UI Inspector

The ultimate guide to an SEO Friendly URL structure

What is a URL?

URL stands for Uniform Resource Locator. URLs describe the location of a document or page for visitors and search engines.

Your preferred way of structuring the URLs on your website is called your URL structure.

Why it’s important for SEO

Setting a clear URL structure is important for a website's Information Architecture which defines, among other things, how your content is made accessible to visitors and search engines. It defines the relationships among pages and what URLs and directories to use.

Having an Information Architecture provides everyone clarity about what URLs to use and forces you to think ahead about your URLs.

But what preferences can you choose from? In order to answer that question, let's look at the anatomy of a URL.

The anatomy of a URL

Let's break down https://www.example.com/about/team?member=kevin#experience:

  • Protocol: https://
  • Subdomain: www
  • Domain: example.com
  • Directory: about
  • Page: team
  • Parameters: ?member=kevin
  • Fragment: #experience

Protocol: HTTP or HTTPs

Choose whether or not to serve your URLs over a secure connection, using the HTTPS protocol.

Best practice It's recommended to serve your URLs over HTTPS. If you're still making the switch from HTTP to HTTPS, make sure to 301-redirect requests for the HTTP variant of URLs to the HTTPS variant of URLs. And vice versa.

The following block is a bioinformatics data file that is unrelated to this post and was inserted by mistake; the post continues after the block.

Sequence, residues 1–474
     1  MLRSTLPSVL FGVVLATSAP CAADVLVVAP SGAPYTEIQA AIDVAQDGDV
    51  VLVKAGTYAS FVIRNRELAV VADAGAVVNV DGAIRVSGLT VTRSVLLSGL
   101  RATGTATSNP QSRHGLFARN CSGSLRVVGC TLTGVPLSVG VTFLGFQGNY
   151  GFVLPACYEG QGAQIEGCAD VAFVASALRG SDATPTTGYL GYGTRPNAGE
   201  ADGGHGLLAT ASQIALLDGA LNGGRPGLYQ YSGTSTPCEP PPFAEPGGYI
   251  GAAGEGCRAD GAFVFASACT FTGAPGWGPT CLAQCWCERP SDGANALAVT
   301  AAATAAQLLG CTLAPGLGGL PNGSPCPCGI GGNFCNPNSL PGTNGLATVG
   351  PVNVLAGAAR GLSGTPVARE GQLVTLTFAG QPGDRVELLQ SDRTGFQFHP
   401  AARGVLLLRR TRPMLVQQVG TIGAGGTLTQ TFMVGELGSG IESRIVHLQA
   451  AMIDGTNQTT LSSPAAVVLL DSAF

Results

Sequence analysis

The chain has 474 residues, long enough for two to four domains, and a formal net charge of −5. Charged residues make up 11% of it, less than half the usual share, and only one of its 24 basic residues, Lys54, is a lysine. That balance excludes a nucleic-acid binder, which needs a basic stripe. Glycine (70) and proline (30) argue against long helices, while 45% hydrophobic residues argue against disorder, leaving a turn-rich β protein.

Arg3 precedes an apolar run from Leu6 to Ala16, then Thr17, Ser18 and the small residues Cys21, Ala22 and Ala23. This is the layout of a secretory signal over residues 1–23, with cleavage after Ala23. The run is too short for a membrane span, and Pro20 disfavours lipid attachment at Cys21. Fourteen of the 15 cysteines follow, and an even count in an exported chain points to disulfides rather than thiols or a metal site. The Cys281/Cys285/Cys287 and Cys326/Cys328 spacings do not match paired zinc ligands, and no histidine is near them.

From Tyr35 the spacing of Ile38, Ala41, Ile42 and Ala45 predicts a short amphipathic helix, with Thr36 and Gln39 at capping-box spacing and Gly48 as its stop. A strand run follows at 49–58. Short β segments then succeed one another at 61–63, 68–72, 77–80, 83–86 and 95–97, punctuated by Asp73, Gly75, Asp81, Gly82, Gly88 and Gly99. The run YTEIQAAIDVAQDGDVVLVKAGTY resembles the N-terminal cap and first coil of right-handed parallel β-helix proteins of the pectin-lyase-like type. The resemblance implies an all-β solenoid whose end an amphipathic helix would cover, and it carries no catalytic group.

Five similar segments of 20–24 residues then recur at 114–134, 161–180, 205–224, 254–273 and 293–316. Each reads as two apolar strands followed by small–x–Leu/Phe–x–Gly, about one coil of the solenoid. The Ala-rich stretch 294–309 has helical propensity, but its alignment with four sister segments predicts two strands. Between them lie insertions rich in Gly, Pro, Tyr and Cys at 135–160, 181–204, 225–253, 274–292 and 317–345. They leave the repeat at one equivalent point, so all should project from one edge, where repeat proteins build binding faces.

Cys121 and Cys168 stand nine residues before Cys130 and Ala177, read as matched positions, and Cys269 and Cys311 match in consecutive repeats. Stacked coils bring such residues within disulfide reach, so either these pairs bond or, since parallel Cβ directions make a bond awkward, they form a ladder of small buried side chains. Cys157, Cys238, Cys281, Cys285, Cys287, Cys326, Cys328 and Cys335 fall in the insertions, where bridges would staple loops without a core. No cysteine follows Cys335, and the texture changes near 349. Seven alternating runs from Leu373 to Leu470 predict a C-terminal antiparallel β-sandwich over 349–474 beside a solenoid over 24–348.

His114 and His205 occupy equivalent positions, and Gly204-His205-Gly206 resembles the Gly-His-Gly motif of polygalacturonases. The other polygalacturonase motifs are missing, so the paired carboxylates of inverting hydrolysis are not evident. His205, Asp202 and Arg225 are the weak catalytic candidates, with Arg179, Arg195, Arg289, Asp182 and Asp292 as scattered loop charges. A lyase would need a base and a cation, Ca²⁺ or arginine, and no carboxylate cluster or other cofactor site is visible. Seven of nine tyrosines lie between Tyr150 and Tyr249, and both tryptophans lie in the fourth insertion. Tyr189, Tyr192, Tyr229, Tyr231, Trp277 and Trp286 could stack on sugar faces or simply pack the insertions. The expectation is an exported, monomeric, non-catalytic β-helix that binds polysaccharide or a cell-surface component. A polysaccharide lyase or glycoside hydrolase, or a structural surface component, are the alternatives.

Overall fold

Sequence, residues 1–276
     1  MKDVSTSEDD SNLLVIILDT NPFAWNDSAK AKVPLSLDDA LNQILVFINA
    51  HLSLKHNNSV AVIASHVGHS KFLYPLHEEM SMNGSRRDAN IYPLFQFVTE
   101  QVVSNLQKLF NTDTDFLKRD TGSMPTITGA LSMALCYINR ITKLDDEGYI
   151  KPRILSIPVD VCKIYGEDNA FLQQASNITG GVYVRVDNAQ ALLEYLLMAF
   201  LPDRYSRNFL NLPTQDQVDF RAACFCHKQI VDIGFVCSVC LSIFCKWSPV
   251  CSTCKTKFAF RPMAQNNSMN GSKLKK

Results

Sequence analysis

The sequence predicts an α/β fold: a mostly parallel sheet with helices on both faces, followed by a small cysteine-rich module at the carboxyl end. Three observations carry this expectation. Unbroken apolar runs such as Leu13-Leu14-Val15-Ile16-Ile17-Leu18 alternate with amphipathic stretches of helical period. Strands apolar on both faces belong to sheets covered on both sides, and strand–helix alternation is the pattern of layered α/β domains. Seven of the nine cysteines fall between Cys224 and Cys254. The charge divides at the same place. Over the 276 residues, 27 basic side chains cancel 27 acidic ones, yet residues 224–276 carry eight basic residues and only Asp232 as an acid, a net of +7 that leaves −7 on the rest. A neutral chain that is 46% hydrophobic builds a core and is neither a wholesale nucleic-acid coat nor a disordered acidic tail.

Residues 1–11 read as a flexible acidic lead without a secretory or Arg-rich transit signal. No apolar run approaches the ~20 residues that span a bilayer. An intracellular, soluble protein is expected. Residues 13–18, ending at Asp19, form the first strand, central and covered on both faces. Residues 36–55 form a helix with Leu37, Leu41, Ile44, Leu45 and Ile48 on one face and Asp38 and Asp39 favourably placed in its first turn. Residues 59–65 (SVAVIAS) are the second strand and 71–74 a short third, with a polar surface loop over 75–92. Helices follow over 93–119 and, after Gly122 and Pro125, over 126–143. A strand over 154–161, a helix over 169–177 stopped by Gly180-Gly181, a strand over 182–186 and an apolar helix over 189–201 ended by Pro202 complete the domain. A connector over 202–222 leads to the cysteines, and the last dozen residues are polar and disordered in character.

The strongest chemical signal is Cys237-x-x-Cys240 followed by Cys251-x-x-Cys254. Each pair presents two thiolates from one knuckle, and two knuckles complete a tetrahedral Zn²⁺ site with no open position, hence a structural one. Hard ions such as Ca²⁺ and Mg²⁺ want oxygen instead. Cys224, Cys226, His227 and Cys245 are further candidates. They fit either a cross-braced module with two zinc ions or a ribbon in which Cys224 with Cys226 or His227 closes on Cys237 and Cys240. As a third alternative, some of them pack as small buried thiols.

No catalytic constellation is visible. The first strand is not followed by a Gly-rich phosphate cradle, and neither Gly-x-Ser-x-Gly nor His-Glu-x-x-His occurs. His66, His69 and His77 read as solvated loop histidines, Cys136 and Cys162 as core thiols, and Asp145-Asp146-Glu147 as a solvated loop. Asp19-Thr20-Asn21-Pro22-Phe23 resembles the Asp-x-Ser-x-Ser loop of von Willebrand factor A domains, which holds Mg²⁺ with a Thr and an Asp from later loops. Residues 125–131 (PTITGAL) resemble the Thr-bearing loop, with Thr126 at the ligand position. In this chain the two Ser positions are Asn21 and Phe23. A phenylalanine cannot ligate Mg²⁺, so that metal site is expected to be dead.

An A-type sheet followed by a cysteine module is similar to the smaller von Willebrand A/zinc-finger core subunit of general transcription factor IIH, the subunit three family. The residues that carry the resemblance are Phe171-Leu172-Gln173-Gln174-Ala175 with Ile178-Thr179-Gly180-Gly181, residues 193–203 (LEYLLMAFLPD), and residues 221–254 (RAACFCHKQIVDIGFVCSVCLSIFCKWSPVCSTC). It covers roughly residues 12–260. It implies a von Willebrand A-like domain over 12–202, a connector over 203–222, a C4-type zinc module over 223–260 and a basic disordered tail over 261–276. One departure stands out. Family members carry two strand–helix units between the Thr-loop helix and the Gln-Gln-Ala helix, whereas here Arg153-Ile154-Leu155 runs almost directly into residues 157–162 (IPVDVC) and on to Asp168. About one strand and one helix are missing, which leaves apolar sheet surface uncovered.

Subdomain or no subdomain

Choose whether or not you'll use the www subdomain.

Best practice

If you choose to use www, make sure to 301-redirect requests for URLs without the www subdomain to the URL variant with www. And vice versa.

Domain name

The domain name consists of a name and an extension: a Top Level Domain (TLD).

Best practice

If you're in the position to choose a new domain, choose one that's short and easy to remember.

Directories in URLs

While it's important to keep URLs as short as possible, it's also recommended to group related URLs together on your website using directories. Directories can become useful for websites with even as few as 50 pages.

Are you having trouble organizing your URLs using only one level of directories because of the size of your website? You can use sub-directories if that helps bring back order but keep the amount of directories per URL as low as possible.

Best practice

Choose short directory names, to keep your URLs as short as possible.

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